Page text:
Resident Evil 3 isn’t your average remake.
Following the high bar of last year’s Resident Evil 2 (our 2019 game of the year, no less), this doesn’t just remake the original PS1 game from the ground up, but manages to take inspiration from much of the series’ history.
There’s the surprise use of live-action footage in the intro, not seen since the first game’s much lower budget efforts, a couple disarming moments in first-person that recall Resident Evil 7‘s new perspective, while a more action-packed pace almost reaches the memorable heights of Resident Evil 4.
More importantly, we get to reacquaint ourselves with the series’ original leading lady Jill Valentine, who’s brought back down to earth since her last appearance in Resident Evil 5 saw her arc effectively jumping the shark.
My Bloody Valentine
Gone is the boob tube and short skirt of the original, and instead we have more emphasis on a former S.T.A.R.S officer suffering sleepless nights, fighting for her life minutes into the game, covered in cuts and dirt, and swearing like a trooper. Even with the modern revamp, Jill is every bit recognisable as the capable survivor fans remember, while her reputation as ‘the Master of Unlocking’ remains intact.
Arguably it’s mercenary Carlos Oliveira who’s had the more drastic makeover. Along with his new rugged, manly good looks, he’s also given more of a part to play, including a section that takes players back to the police station 24 hours before Leon and Claire’s arrival.
The bigger highlight is that we get to see much more of the city, particularly in the first half. There’s plenty of lovingly crafted detail – the unfinished box of doughnuts, the fake film posters on the subway, the vibrant signage of stores and diners – giving you a vivid picture of a city before everything went to hell.
He might not have a subtitle billing anymore but Nemesis is still very much a star of the show. A hulking unstoppable force who’s hot on your pursuit right from the get-go, if you dreaded encounters with Mr. X in the Resident Evil 2 remake, well, this guy cranks things up to 11.
Yet despite being a more agile pursuer who’s constantly evolving over the course of the campaign, his presence is never overwhelming either. As this remake leans more towards the series’ later action-oriented entries, you’ve always got a decent amount of resources to fend off Nemesis – if you manage to put him down, you can even pick up some useful upgrades or supplies.
Of course, he’s not the only thing you have to worry about. I actually met my demise mostly at the hands of regular zombies – despite a button-mashing prompt, it seems impossible to escape getting bitten once grabbed. There are even more disgusting monstrosities, such as the sewer-dwelling hunter gammas that can swallow you whole, or face-hugger creatures that plant something so gross down your throat that you need to ingest a green herb to puke it back out. Nice.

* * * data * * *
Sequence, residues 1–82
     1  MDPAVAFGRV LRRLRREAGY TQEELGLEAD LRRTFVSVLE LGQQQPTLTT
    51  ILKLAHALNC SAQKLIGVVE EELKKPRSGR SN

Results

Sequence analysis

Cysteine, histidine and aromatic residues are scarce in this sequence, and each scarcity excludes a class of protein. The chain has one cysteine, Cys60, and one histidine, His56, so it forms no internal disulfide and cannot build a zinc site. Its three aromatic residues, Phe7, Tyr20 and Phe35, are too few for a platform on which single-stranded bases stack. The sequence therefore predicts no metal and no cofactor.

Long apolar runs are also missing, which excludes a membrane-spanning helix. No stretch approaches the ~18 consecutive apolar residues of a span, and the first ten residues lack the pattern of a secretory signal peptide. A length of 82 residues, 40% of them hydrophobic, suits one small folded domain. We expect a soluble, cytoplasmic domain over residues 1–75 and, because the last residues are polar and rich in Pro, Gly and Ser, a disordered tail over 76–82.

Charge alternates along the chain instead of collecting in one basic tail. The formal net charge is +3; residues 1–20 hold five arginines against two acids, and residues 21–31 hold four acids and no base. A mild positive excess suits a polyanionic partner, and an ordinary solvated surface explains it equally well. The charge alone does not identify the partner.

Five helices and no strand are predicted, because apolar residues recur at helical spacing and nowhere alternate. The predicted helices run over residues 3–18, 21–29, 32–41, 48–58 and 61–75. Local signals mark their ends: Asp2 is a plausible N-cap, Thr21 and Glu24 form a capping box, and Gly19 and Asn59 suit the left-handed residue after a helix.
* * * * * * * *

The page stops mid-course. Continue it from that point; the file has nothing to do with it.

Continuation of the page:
Keep your distance
That said, overall I found Resident Evil 3 considerably easier than previous entries. Inventory management can be taxing to begin with, but ammo – or materials for crafting ammo – is ultimately in good supply, and even respawns during boss fights.
The city’s more open spaces also gives you more room to avoid the shuffle of zombies, while conveniently placed objects, from explosive red barrels to electrocuting generators, do well to stop Nemesis or any other enemies in their tracks.
Even more helpful are control improvements from the ability to quick-turn in any direction and the all-new quick step. The latter takes unexpected direction from both Dark Souls and Vanquish – if you time it just as an enemy attacks, it becomes a perfect dodge roll that lets you aim the next shot immediately after in slow-motion.
Nowhere to run
If Resident Evil 3 does a lot to modernise and expand upon the 1999 original, it also takes away elements that old-school fans may find disappointing. There are considerably fewer puzzles, while a consistent but linear narrative means there are no longer live choices that can change the path and outcome of the story.
Even with some expanded sectons, you’re still looking at a game that can be beaten in a few hours, and without different story perspectives like Leon and Claire’s paths in Resident Evil 2, there’s little incentive to replay for story.
Yet the shorter runtime does make it more compelling for speedruns – you’ll need to finish it under two hours in order to get the coveted S rank. Whether you decide to don a new costume or unlock some more useful items at the start to speed things along, or challenge yourself to tick off the achievements list, it’s worth hanging around in Racoon City for longer.
Resident Evil 3 Verdict
Resident Evil 3 is a tense and exhilarating thrill ride with rarely a dull moment, only guilty of not quite reaching the same astonishing heights as last year’s Resident Evil 2.
As a remake, it echoes both the series past and present while also giving one of gaming’s original heroines a welcome return to the spotlight.
Another tense and action-packed remake, but lacks the impact of its predecessor
Excellent visuals and great attention to detail
Faithful modernised character and new story elements
Much improved gameplay tweaks
Gripping action-packed setpieces
Nightmare’s over too soon
Some may miss elements from the original game